I enjoy a good beer, which is why I don’t enjoy Budweiser. I know from experience during my college days that the best use for Bud products is to get totally hammered inexpensively – after you’ve drank enough decent beer that you can’t taste the difference any more. And I say that as someone who grew up on (and still occasionally enjoys) Coors Extra Gold, a product from another brewery that is roundly and deservedly panned by my fellow beer snobs. So I understand anyone who grew up in St. Louis drinking Bud and who still does so from time to time.
For better or worse, Bud is viewed as “America’s beer,” and as such I was amazed when Belgian brewing giant InBev originally bid $46 billion for the company. I’m equally surprised now that the Anheuser-Busch board just accepted a $52 billion bid. The only rationale that I can come up with for InBev’s interest in Anheuser-Busch is that they want access to one of the best brands in the world rather than the actual beer (InBev makes a number of much, much, much better brews than Busch, Bud, et al. Stella Artois, Leffe, and Hoegaarden alone beat the hell out of anything that Anheuser-Bush makes, and those aren’t even the best tasting brands in InBev’s portfolio). The Anheuser-Busch unanimously board rejected the initial bid, but apparently an additional $6 billion ($52 billion total, or $70/share) was enough to remind the board of directors that there’s nothing more American, more patriotic than making money by selling out.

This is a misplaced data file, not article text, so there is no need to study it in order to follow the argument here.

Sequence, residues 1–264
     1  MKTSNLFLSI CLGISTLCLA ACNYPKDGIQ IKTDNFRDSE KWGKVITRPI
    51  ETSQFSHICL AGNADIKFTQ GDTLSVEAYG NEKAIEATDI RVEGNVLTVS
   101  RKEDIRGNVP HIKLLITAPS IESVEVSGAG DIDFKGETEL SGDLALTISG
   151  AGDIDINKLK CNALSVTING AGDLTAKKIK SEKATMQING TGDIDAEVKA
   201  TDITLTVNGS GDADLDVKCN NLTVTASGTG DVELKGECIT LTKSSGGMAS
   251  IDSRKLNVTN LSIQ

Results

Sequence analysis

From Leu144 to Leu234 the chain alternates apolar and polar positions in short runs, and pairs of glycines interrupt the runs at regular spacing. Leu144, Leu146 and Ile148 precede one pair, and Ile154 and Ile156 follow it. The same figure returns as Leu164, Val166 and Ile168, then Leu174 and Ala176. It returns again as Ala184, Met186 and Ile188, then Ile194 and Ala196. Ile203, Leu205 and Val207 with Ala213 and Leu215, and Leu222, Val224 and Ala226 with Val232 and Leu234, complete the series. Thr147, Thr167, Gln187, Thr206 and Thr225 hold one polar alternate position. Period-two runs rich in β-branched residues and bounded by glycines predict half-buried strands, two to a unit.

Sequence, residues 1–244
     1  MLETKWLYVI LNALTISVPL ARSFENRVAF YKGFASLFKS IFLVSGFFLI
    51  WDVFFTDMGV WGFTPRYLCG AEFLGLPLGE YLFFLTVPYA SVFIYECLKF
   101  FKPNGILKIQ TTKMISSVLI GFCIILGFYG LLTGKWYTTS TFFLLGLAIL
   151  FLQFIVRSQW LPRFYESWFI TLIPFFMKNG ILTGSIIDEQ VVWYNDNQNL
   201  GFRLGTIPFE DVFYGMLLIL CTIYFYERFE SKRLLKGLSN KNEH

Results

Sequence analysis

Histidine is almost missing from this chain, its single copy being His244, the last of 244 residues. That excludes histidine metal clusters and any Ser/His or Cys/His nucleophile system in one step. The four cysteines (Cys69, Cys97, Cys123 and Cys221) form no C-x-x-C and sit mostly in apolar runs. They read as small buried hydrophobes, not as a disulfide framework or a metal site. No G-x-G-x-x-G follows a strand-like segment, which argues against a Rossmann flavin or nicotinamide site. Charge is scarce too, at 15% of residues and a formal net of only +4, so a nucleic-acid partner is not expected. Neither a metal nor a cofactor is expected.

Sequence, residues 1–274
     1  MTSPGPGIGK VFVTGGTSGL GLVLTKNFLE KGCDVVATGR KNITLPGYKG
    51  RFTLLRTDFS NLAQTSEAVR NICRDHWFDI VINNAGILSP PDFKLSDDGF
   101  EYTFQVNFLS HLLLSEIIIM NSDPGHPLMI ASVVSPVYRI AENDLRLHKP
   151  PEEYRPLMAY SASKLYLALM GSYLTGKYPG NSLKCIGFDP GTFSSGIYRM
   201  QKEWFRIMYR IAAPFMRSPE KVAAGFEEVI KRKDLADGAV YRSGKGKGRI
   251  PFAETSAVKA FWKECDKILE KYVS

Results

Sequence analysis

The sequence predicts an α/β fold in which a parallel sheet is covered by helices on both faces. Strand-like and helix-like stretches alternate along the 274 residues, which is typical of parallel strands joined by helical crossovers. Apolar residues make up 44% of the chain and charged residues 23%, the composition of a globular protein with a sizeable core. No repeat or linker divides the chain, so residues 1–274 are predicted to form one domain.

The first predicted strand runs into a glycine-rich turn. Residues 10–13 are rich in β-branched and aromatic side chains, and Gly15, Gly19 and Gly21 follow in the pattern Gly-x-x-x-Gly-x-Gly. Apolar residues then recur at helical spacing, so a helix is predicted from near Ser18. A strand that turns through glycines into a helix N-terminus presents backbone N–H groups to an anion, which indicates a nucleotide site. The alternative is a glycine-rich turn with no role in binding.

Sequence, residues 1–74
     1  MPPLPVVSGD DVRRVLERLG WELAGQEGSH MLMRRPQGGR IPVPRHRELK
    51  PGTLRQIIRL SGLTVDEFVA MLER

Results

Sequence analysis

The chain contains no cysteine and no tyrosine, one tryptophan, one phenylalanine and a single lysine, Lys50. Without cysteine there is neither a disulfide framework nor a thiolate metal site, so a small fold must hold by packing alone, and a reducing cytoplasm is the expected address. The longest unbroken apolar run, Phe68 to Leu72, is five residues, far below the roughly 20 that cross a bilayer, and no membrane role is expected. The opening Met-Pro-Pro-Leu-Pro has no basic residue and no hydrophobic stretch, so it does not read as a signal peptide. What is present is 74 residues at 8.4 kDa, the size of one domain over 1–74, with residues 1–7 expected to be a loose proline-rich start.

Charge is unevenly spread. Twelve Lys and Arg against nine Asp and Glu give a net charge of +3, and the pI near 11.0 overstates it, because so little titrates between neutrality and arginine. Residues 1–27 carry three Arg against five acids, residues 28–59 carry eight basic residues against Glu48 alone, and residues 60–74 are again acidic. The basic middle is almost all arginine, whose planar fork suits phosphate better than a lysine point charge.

InBev has wasted no time in adding the Anheuser-Busch brands to their own list of brands. Here’s hoping that InBev can make the Anheuser-Busch beers taste better.
Categories: American Culture